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TUCSON (AP) — Arizona’s second most populous county is prodding its workforce to get COVID-19 vaccinations by requiring employees who refuse the shots to pay more for their health insurance.

The Pima County Board of Supervisors voted Tuesday to make unvaccinated employees lose discounts amounting to about $1,570 annually, local news outlets reported.

Supervisor Steve Christy voted in opposition, saying it was wrong and illegal to penalize unvaccinated workers.

The board previously authorized $300 bonuses plus three days of paid time off for county workers who have been vaccinated.

Supervisor Matt Heinz before Tuesday’s meeting had requested agenda items to consider requiring COVID-19 vaccinations for all state-licensed health workers who work in Pima County, which includes metro Tucson, and re-imposing indoor mask mandates countywide. He dropped both ideas, saying they lacked support among fellow board members.

In other developments:

  • Arizona on Wednesday reported 2,222 newly confirmed COVID-19 infection cases and 26 more deaths, increasing the state’s pandemic totals to 1,037,012 confirmed cases and 19,079 deaths.

Pinal County reported 447 new cases with two additional deaths. That brings the county total to 64,611 positive cases with 957 deaths.

The number of virus-related hospitalizations during the current surge continued to gradually increase with 2,090 COVID-19 patients occupying hospital beds as of Tuesday, according to the state’s coronavirus dashboard.

That’s over half of the peak hospitalizations during the 2020 summer surge and about two-fifths of the pandemic peak during last winter’s surge.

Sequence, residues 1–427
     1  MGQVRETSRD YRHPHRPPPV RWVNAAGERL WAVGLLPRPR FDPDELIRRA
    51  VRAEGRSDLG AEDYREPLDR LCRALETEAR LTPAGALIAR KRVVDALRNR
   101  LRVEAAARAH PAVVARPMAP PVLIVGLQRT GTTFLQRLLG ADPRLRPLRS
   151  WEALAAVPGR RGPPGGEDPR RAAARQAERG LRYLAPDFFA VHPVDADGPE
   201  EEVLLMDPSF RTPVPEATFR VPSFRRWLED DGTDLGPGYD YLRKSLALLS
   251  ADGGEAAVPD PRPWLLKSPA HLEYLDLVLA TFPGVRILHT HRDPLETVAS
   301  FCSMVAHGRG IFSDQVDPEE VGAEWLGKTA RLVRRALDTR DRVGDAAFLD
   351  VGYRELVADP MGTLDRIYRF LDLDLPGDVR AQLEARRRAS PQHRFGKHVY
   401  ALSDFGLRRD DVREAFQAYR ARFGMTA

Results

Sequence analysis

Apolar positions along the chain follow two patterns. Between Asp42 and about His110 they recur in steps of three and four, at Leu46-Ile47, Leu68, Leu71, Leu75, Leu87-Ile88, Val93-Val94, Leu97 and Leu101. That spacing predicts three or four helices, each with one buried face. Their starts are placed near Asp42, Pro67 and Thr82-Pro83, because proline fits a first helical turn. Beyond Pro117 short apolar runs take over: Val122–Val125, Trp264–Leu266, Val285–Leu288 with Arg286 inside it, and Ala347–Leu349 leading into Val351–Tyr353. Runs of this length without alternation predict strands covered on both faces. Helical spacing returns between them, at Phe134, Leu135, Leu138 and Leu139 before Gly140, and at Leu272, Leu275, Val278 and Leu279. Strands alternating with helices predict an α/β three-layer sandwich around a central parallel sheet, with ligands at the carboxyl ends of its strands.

• The Mohave County Board of Supervisors voted Tuesday to authorize the hiring of two new two public health workers to track the pandemic and educate the public about COVID-19 shots and other vaccinations.

The board voted 4-1 Tuesday to authorize hiring an epidemiologist and a community health education specialist after at least one board member questioned whether the positions were necessary, The Miner reported.

Public Health Director Denise Burley said her department would encourage residents to get vaccinations and to talk with their medical providers,

Supervisor Hildy Angius voted to authorize the hirings but said many people distrust information provided by the federal Centers for Disease Control and Prevention.

A suburban Phoenix school district is using $3 million of COVID-19 relief funds to install air scrubbers in all of its schools

  • to remove unhealthy particles floating in the air, KNXV-TV reported.

The Dysert Unified School District’s installation of 2,700 scrubbers will have other benefits, said Ken Ricks, assistant superintendent of business services.

“We always have a flu season, we always have sick times. This helps in that environment,” said Hicks. “It takes particulates out of the air and creates healthier air. So, yes, it’s going to continue to have benefits moving forward.”

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